ODD: Protecting Sensitive Data in Mobile Devices by Out-of-order Data Division




Yu Chen


Technologists are looking to achieve a balance between making data difficult to be illegally or maliciously compromised while providing legitimate data users and owners sufficient encryption protection that does not overly strain the computing power, storage space, processing speeds, and battery life available on the devices. Distributed storage of data on personal and other computing devices and hardware subsystems pose risks to security if the devices are captured (military and government scenario) or lost or stolen (civilian scenario). This invention addresses the need for “on-board” data encryption for next generation communication and mobile Internet devices operating on enterprise and wireless networks. The unique data division and out-of-order keystream generation scheme offers a means to protect stored data against becoming compromised during the distributed use part of its life cycle—should the device fall into the hands of an unauthorized user or adversary, the “readable” data is not sufficient to provide understandable, useful information.

The novel data security framework provides a triple layer of out-of-order “divide and store” protection. The first ring is to create cipher blocks by dividing the plaintext data into multiple blocks and encrypting them. A second layer is generated by a keystream abstracted from the data blocks in pseudorandom, out-or-order manner. A third security feature is a function of saving and storing separately the encrypted data (on the mobile device) and the keystream and PIN (on a secure server). Plain text can only be regenerated by merging the decrypted cipher text and keystream with an authenticated PIN.


Safeguarding private or sensitive information, e.g., passwords, records, and other information while enabling pervasive computing built on devices and sensors sharing data within ad hoc wireless networks or Internet based distributed storage infrastructure such as grid or cloud computing, or on cooperative systems for emergency management such as search and rescue, public safety, and on mesh networks.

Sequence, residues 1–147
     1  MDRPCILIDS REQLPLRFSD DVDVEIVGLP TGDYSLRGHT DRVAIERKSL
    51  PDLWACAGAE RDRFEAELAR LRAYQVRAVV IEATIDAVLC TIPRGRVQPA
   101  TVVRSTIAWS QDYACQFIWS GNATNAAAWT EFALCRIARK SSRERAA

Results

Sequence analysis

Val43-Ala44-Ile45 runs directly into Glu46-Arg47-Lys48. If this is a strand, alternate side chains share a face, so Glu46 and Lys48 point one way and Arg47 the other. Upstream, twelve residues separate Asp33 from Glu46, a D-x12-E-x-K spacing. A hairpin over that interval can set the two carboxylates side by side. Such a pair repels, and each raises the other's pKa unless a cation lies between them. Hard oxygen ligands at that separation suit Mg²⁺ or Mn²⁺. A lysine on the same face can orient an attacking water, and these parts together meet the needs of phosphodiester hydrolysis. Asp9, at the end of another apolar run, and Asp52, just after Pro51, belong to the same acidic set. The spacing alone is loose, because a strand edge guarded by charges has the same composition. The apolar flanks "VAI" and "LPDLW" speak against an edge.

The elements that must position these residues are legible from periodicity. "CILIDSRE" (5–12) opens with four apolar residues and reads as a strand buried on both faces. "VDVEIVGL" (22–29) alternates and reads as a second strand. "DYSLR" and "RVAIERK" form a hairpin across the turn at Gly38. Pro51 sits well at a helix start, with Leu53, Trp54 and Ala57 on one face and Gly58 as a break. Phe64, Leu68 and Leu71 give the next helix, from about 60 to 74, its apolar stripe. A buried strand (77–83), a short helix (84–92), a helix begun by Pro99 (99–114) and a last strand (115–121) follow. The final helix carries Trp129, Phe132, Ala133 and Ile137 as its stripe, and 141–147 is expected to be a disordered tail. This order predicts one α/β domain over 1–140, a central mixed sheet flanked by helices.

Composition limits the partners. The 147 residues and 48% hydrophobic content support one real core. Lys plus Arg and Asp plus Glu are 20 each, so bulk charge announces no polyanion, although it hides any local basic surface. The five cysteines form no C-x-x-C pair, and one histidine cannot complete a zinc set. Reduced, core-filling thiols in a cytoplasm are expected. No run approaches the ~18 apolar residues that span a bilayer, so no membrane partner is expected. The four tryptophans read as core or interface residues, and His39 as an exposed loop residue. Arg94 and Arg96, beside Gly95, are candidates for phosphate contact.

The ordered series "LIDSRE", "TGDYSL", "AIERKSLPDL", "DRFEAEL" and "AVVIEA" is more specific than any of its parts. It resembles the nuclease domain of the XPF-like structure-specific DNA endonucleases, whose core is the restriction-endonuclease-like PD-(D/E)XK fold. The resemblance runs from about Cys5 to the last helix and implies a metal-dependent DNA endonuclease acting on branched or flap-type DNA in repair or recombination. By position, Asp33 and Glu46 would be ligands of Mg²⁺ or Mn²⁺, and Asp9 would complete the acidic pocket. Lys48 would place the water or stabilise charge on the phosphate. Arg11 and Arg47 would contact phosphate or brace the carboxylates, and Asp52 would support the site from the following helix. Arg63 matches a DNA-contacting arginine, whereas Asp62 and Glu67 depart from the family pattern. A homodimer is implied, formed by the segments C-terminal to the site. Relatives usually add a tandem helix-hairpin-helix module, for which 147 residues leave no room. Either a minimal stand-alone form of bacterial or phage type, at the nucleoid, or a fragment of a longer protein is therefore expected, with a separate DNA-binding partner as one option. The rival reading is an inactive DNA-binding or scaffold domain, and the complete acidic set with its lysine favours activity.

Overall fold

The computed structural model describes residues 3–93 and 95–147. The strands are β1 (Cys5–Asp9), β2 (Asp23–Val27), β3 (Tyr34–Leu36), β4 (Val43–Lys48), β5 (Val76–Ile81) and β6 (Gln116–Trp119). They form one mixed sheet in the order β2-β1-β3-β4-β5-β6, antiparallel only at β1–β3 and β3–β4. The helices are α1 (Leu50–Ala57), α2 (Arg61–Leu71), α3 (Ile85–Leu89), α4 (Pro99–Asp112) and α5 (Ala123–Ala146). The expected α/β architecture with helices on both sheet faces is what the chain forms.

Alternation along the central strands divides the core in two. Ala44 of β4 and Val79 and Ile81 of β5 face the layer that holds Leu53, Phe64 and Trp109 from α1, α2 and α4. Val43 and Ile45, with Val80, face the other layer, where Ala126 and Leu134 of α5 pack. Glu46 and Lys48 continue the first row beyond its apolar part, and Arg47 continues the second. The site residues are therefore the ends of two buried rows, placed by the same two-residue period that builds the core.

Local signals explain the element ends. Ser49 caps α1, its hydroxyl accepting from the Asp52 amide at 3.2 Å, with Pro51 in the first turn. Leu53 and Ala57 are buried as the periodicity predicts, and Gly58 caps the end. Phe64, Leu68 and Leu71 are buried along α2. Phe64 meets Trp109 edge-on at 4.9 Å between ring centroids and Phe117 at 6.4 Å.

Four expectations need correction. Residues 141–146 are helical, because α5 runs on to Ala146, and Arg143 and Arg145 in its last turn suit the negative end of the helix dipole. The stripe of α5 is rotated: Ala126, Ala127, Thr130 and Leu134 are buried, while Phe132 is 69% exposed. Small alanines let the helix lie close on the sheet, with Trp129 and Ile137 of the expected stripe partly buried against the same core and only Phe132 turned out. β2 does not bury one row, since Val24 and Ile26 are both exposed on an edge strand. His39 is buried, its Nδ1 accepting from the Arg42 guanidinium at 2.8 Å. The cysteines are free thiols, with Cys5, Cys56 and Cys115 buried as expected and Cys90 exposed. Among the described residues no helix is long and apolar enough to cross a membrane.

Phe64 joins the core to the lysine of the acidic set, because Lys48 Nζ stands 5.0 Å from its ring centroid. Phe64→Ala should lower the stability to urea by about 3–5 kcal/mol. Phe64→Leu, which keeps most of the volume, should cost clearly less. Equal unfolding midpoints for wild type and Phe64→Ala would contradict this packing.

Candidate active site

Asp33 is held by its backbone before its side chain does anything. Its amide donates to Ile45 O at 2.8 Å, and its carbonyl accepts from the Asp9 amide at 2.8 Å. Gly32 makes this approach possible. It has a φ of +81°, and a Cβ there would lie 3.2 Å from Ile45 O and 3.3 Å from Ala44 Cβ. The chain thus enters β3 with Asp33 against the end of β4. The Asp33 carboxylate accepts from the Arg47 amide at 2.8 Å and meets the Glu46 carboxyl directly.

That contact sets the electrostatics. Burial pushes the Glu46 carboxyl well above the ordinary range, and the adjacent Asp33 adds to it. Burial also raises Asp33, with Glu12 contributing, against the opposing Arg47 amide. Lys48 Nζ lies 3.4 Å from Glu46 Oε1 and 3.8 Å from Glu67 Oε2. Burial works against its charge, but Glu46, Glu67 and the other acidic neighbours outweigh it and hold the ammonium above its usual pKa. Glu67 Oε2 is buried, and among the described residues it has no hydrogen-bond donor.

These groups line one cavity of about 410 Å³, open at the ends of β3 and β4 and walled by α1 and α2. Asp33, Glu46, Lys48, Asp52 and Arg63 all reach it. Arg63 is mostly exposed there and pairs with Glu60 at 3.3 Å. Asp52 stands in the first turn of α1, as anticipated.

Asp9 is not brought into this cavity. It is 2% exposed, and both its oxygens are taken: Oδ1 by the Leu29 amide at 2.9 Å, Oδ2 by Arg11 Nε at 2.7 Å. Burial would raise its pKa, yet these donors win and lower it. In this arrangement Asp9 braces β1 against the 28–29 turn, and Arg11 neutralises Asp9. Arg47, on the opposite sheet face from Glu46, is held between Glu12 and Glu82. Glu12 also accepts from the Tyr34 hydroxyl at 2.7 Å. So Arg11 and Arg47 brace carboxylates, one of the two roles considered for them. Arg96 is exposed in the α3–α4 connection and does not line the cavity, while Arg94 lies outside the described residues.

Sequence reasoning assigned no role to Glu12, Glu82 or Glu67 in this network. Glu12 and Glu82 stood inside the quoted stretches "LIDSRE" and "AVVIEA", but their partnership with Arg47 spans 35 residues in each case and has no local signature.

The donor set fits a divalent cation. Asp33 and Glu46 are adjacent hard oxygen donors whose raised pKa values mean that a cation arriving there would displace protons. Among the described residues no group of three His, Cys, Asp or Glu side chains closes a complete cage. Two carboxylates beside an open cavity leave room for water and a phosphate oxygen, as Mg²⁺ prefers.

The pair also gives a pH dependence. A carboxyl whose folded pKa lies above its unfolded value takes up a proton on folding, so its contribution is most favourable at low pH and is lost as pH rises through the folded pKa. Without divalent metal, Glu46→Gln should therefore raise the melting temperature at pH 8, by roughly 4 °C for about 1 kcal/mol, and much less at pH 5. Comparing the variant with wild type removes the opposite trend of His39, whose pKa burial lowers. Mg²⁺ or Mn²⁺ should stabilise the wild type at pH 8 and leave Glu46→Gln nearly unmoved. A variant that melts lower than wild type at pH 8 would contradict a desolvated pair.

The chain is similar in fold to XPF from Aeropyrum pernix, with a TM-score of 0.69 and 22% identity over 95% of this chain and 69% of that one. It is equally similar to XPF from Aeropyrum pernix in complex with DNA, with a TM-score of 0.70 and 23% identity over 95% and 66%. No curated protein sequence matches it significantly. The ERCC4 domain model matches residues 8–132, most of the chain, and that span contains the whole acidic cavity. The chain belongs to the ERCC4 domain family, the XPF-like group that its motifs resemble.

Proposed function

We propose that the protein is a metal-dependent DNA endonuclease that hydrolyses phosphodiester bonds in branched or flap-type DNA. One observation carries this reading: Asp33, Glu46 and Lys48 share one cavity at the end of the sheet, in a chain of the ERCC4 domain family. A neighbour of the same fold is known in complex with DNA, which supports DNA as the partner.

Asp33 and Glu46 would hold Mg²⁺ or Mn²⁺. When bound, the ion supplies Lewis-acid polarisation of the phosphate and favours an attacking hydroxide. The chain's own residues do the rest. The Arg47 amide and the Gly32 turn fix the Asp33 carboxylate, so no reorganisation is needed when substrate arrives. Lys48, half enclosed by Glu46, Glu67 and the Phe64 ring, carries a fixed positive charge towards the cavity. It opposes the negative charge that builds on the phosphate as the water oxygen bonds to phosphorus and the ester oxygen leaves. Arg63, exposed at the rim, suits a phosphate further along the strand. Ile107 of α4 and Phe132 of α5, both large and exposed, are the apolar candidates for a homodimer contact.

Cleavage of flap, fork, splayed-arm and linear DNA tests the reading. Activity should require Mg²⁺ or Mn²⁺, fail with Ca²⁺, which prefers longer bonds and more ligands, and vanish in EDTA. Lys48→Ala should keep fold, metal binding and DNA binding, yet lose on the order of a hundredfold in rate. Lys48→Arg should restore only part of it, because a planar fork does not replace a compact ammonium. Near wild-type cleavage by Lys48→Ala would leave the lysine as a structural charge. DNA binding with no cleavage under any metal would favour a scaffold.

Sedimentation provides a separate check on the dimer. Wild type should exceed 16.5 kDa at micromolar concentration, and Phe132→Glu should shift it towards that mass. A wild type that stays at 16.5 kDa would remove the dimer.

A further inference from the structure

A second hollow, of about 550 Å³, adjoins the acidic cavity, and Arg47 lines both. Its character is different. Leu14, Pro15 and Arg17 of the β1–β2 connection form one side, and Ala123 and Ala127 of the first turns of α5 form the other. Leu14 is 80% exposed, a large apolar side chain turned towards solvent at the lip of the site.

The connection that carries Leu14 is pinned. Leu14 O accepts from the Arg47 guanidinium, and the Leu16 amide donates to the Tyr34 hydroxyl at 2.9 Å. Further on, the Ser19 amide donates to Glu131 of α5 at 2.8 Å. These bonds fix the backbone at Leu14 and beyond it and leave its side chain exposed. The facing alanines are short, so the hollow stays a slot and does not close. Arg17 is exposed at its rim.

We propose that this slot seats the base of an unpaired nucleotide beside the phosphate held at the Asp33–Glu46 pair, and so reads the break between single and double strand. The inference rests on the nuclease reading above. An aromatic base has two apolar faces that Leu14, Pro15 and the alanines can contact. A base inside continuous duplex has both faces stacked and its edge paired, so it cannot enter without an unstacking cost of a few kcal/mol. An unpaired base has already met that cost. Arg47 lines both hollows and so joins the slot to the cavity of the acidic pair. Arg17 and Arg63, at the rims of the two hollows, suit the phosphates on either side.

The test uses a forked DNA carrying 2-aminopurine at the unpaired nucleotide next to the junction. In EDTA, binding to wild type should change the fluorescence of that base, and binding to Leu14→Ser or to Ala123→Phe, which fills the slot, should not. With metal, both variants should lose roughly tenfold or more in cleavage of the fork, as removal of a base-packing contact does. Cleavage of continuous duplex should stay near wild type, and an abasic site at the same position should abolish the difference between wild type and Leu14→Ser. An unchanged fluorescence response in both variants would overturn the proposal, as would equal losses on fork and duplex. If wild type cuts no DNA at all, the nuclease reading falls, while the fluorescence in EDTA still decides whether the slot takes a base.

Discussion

Unlike conventional stream ciphers built around a protected password, a publicly known initialization vector (IV), and a fixed length keystream which are becoming increasingly vulnerable to decryption efforts, the novel data division and out-of-order keystream generation approach is a robust self-encryption scheme that leverages the use of a variable length keystream which is computationally much more difficult to defeat with brute force attacks.

The on-device, data security encryption technology offers the following specific advantages when implemented in an embedded accelerator using configurable hardware devices such as Field Programmable Gate Arrays:

 Robust: multi-layer distributed data security scheme

 Effective: 256-bit encryption very difficult to defeat by brute force, algebraic, correlation, differential analysis, reply, and other cryptanalysis attacks

 Simple and unobtrusive: an embedded software solution that does not impose an excessive computational workload or processing overhead, or additional hardware power and size/weight requirements on personal devices

 Scalable: The length of the keystream can be changed based on the user’s security requirements


Software implementation is available for demonstration.


U.S. 8,862,900


J. Feng, Y. Chen, W.-S. Ku, and Z. Su, “D-DOG: Securing Sensitive Data in Distributed Storage Space by Data Division and Out-of-order Keystream Generation”, the 2010 IEEE International Conference on Communications - Communication and Information System Security Symposium (ICC'10 CISS), Cape Town, South Africa, May 23 - 27, 2010.

P. Gasti and Y. Chen, “Breaking and Fixing the Self-Encryption Scheme for Data Security in Mobile Devices”, the 18th Euromicro International Conference on Parallel, Distributed and Network-based Processing (PDP 2010) – Special Session “Security in Networked and Distributed Systems” (SNDS 2010), Pisa, Italy, February 17 - 19, 2010.

Y. Chen and W.-S. Ku, “Self-Encryption Scheme for Data Security in Mobile Devices”, the 6th IEEE Consumer Communications and Networking Conference - Security for CE Communications (CCNC’09), Las Vegas, Nevada, USA, January 10 - 13, 2009

Information on the network and wireless security research program of Dr. Chen is available at: http://bingweb.binghamton.edu/~ychen/


Company partner to co-develop Field Gate Programmable Array (FGPA) chip for hardware implementation and to commercialize products under license.


Distributed data security; mobile devices; stream cipher; self-encryption; keystream

Patent Information:
For Information, Contact:
Scott Hancock
Director, IP Management and Licensing
Binghamton University
(607) 777-5874
Yu Chen
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